Today’s post is by Shelli, for whom things often do not turn out as they should.
Oh, Facebook! So full of knowledge and useless information. Used for cheap shout-outs, desperate requests for sympathy and product endorsement. Facebook itself is not a scam. At least, it hasn’t gotten me yet. And then a friend of mine posted as her status: “Judy Starbright* :))) I got my free teeth whitener trial today and my teeth are so shiny and white!! I feel like a new person.. for those of u that are gonna ask were I got it at here’s the link: myidolsmile.net use promo code: whitetoday.. you’re welcome!”
*name changed to protect the culprit, but did not touch the spelling or grammar.
I thought, “Hey! I could really use that,” and didn’t stop to question what I was getting myself into. So I typed in myidolsmile.net. The promo code said that if you paid $1.95 for shipping and handling, the product was FREE. [Note by Joe: this price is exactly $1 off the regular S&H offer of $2.95.] How can you do better than that? The website seems legit. I didn’t really question anything, especially because if my friend had done it without problems, I assumed I would be fine as well.
So I ordered it and provided my debit card number to pay for the shipping. I got a confirmation email from premiumwhitepro.com.
The product came within three weeks. So far, so good. It wasn’t very good quality, and the gel that they raved about was nothing special, and actually pretty gross. But it was a trial, and so I wasn’t too upset…until I checked my bank account and saw that Ultifreshwell had removed $49.89 from my account. I wasn’t sure what it was for, but I thought that maybe it meant they were sending me a longer lasting package, that I could send back for a refund, or something like that. Nothing else came in the mail. A few days later, Sup*Smilebright removed $86.93 from my account. And I currently have $48.23 pending to be taken out of my account from Sup*Whiteteeth.
I’ve canceled my bank card and started fraud cases on all three transactions, and of course, have yet to see whether or not that is going to be enough. I did some research after it all happened, because the numbers that are provided on the statement for the company are completely bogus. The numbers took me to a few discussion boards that talk about the ads seen online for “A stay at home mom discovers the trick to whiter teeth!”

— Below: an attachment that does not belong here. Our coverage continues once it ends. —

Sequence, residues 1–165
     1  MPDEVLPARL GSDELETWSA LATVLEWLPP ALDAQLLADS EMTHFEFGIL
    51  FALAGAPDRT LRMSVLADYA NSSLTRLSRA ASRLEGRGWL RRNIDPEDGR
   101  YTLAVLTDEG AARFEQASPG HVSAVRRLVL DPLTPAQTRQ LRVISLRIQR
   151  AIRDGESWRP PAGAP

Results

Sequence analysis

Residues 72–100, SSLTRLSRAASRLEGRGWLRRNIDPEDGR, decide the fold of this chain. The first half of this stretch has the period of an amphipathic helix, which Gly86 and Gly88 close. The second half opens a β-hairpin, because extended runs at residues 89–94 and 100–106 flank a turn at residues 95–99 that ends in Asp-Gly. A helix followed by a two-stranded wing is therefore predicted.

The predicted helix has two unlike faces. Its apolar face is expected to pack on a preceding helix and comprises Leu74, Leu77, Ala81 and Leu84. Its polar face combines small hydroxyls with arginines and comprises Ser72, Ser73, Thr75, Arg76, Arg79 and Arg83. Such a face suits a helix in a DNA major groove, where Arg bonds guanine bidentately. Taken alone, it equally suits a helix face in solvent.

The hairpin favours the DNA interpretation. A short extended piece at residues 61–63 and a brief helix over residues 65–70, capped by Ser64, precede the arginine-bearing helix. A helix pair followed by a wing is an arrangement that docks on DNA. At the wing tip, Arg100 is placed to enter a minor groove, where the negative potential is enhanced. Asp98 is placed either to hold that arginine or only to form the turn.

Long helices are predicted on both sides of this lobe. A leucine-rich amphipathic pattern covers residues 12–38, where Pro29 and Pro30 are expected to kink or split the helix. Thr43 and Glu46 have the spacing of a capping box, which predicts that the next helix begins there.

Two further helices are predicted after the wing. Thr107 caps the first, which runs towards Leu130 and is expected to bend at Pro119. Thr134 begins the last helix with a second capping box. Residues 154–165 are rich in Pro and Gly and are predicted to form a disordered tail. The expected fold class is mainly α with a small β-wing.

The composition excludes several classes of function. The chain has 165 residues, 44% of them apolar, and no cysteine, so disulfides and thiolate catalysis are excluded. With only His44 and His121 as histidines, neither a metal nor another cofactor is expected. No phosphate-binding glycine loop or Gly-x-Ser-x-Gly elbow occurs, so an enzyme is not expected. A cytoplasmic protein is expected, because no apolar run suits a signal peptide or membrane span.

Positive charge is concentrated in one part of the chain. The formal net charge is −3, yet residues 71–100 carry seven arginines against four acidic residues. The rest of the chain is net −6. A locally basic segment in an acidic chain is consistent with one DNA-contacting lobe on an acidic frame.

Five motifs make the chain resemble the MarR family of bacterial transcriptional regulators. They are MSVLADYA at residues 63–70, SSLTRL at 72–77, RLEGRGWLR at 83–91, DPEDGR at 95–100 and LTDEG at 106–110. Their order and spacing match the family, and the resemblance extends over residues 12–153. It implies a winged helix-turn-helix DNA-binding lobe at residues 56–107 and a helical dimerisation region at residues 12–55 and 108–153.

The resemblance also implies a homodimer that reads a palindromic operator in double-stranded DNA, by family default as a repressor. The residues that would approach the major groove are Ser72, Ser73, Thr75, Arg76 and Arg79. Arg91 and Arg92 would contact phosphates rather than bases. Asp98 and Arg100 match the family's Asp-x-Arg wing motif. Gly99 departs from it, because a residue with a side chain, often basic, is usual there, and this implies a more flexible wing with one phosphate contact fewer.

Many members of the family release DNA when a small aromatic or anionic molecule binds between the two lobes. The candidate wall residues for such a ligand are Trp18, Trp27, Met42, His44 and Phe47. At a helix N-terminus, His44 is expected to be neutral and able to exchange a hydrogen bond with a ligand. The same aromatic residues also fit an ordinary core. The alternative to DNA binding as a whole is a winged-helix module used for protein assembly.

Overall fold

The discussion boards also give several different company names such as Dazzle Smile or Dazzle White. But they all sound like the same thing and they all have recurring charges on their account. Some resorted to closing their bank accounts altogether. I really don’t want it to get to that point, but it might be the only thing to stop the charges.
Remember, “Free” Almost Never Means Free
Addendum by Joe: In all fairness to idolsmile.net (though they don’t deserve it), the first company that started Shelli down this tragic path, the page where you fill out the order form clearly states that it is a 14-day free trial. If you don’t cancel at the end of the trial, your account will be billed $87.62 for another month’s supply of whitener gel.
However, the fine print doesn’t say anything about the other companies and other charges. Also, if you DO cancel before the 14 day trial, guess what?
If you decide to cancel your Membership prior to the expiration of the fourteen (14) day Trial Membership period, your Active Credit Card will still be charged the fee of Eighty-Seven Dollars and Sixty-Two Cents ($87.62) at the end of the Trial Membership period.
WTF?? Go ahead and cancel, but we’re still gonna take almost 90 bucks?! So much for the “free” trial, huh?
What About Refunds?
It has a 30-day guarantee, so you can get a refund, right? Right? Um, not so much:
If you do not cancel your Membership as set forth in Section 7 hereinbelow, and return the one (1) month supply (“Qualifying Return Products”) at your expense as set forth below, your Active Credit Card will be charged the Monthly Fee of Eighty-Seven Dollars and Sixty-Two Cents ($87.62).
So if you were planning to order the trial, then cancel it, then get a refund, don’t bet on it. You only get a refund if you don’t cancel. There are other hoops you have to jump through, too, like returning the unused portion to them.
The bottom line? The “free” trial will cost you at least $87.62, and maybe, like Shelli, a lot more.
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